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VMware Faces Competition For Virtualisation Market

Quoting from

"VMWare has done a great job of educating the market", says XenSource as it goes after what CEO, it claims is the 96% of that market not currently served by the competition. But VMware could still benefit from in-fighting.

Open Source-based developer, Xen - which already claims relationships with Linux vendors, as well as with Microsoft, is finally ready to release its XenEnterprise server virtualisation platform. And it ships next week.

Making the announcement at the LinuxWorld Conference & Expo in San Franciso, XenSource, CEO, Peter Levine made the standard platitudes regarding ease of use and 'hunger' in the market.

According to one report, he demonstrated the first by drinking a few beers and carrying out an XenEnterprise installation. He demonstrated the latter with figures taken from a Thomas Weisel Partners research report that states that only 6 percent of the available market for virtualisation is being served.

As well as shipping as part of Novell's SuSe Linux Enterprise 10, the virtualisation platform also has support from Microsoft, which announced in July that it, "…will cooperate on the development of technology to provide interoperability between Xen-enabled Linux and the new Microsoft Windows hypervisor technology-based Windows Server virtualisation." In short, this means that Microsoft's forthcoming Longhorn server operating environment will support Xen-base products such as XenEnterprise.

One fly in the XenEnterprise story, however, is that major Linux vendor (with some support from market analysts) Red Hat is not ready to ship Xen project-related product (including XenEnterprise) in its Red Hat Enterprise Linux offering.

In press statement which contained more in the way of lines to read between than lines to be taken as read, Red Hat attempted to clarify a reports that it had stated that Xen was not ready to ship. "We are encouraged by the rapid progress being made, and expect the technology to be sufficiently improved, hardened and tested so that it will soon be included in the Red Hat Enterprise Linux virtualization platform (our current estimate is approximately the end of 2006). Our commitment to the Xen community project is unwavering, as is our commitment to deliver reliable, production quality code to customers. We will ship Xen virtualization when it is fully ready for mission-critical enterprise customer deployment, but not before."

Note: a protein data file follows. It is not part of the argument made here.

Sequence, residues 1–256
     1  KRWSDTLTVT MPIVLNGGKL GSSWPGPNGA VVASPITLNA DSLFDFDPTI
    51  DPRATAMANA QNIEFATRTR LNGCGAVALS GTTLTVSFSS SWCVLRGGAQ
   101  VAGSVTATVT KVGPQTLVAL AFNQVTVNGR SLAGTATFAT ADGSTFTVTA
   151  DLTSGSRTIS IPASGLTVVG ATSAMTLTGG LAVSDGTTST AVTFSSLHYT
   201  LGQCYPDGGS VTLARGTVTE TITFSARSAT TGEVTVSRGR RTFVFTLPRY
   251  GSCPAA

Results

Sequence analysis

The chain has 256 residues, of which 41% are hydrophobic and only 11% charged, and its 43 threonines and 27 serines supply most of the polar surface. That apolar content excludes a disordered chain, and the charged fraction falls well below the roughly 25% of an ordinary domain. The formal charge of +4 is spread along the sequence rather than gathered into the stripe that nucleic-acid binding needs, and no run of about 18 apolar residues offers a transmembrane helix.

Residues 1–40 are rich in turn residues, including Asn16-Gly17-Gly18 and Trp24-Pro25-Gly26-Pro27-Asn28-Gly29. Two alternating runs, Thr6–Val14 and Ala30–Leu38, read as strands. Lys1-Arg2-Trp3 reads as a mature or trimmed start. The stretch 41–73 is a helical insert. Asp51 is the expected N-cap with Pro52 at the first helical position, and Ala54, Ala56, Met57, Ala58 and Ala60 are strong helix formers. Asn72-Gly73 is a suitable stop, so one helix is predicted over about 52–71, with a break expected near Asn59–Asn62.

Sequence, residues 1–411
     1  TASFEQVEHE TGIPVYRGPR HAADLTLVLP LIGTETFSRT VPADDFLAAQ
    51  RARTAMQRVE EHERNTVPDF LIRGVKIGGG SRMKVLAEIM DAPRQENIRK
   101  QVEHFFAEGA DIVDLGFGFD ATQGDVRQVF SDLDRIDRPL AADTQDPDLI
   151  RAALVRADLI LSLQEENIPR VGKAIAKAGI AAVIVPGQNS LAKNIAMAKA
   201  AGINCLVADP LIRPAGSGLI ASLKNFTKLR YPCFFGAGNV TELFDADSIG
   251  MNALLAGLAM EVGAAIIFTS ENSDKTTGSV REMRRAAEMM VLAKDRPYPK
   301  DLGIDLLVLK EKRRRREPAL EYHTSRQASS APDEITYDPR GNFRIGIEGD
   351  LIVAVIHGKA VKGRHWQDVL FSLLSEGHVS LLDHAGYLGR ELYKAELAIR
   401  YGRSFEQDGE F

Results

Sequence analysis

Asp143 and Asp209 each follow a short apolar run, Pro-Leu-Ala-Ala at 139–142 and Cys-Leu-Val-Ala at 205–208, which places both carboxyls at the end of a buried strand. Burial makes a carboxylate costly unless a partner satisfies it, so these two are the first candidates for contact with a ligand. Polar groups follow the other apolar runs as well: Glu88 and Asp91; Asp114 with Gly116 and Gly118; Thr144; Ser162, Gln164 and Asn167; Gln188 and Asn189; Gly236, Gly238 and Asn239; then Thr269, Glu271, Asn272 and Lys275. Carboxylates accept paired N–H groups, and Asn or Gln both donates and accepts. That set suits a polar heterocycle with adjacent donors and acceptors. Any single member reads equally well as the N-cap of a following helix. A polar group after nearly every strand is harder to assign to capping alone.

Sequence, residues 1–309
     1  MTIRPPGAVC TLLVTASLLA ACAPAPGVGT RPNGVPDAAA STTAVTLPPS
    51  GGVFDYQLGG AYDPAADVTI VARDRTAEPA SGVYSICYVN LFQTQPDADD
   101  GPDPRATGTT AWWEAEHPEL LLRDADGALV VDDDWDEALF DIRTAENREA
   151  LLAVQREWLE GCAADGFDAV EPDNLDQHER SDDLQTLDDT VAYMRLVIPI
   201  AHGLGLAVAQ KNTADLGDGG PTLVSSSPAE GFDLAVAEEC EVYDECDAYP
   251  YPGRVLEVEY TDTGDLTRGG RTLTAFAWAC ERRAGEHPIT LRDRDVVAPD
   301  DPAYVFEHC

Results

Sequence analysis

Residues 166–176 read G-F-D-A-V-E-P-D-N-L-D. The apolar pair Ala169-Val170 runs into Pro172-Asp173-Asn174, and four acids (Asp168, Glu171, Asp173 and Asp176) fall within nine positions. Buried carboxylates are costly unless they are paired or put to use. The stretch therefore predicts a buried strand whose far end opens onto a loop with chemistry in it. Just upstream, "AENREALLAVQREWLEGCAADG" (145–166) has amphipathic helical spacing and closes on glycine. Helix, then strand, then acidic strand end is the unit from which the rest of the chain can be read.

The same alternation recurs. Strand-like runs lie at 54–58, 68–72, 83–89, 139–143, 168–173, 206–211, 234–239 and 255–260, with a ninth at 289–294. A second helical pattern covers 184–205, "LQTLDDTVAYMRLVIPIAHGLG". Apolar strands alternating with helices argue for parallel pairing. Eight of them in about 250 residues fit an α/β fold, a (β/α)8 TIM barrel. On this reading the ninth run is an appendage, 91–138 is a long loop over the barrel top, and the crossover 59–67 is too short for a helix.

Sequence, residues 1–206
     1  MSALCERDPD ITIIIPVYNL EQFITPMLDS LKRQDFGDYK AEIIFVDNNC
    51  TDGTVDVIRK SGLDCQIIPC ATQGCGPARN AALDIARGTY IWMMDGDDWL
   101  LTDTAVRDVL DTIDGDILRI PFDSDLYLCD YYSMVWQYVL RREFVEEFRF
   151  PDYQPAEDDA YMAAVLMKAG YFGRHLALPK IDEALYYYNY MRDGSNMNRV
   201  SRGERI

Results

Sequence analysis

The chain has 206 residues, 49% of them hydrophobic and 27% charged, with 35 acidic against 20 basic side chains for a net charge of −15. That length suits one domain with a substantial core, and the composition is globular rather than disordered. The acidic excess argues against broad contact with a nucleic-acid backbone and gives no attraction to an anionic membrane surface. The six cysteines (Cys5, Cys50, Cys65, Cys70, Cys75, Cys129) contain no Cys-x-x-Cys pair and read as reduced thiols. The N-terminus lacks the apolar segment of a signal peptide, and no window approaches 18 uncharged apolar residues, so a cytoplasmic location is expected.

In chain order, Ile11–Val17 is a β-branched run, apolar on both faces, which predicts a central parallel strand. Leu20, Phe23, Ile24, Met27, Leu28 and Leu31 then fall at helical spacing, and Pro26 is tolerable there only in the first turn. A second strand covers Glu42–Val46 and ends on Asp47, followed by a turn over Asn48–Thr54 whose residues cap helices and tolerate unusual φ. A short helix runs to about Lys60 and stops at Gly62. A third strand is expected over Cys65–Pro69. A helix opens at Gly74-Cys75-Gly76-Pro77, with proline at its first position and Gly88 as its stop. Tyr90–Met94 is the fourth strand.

Some reports from LinuxWorld claim, in fact, that Red Hat could actively steer consumers towards VMware in the event that the Xen-based virtualisation integration within Linux wasn't completed to its satisfaction.

Whether this is Red Hat's attempt to undermine Novell's much-trumpeted Linux Enterprise release, or a straightforward and simple piece of intelligence to consumers will come out in the wash. In the meantime, any in-fighting that includes major Linux players plus a Microsoft tie-in can only serve (and not just virtually) to bring smiles to the faces of EMC, the owner of VMware.

Read or comment on the original, here.


Published Monday, August 21, 2006 6:35 AM by David Marshall
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